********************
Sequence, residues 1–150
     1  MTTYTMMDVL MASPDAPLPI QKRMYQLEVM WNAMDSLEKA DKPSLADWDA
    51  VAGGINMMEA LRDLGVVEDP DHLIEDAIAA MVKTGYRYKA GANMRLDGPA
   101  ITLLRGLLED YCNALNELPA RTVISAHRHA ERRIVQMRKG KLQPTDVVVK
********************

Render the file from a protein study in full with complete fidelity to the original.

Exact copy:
Sequence, residues 1–150
     1  MTTYTMMDVL MASPDAPLPI QKRMYQLEVM WNAMDSLEKA DKPSLADWDA
    51  VAGGINMMEA LRDLGVVEDP DHLIEDAIAA MVKTGYRYKA GANMRLDGPA
   101  ITLLRGLLED YCNALNELPA RTVISAHRHA ERRIVQMRKG KLQPTDVVVK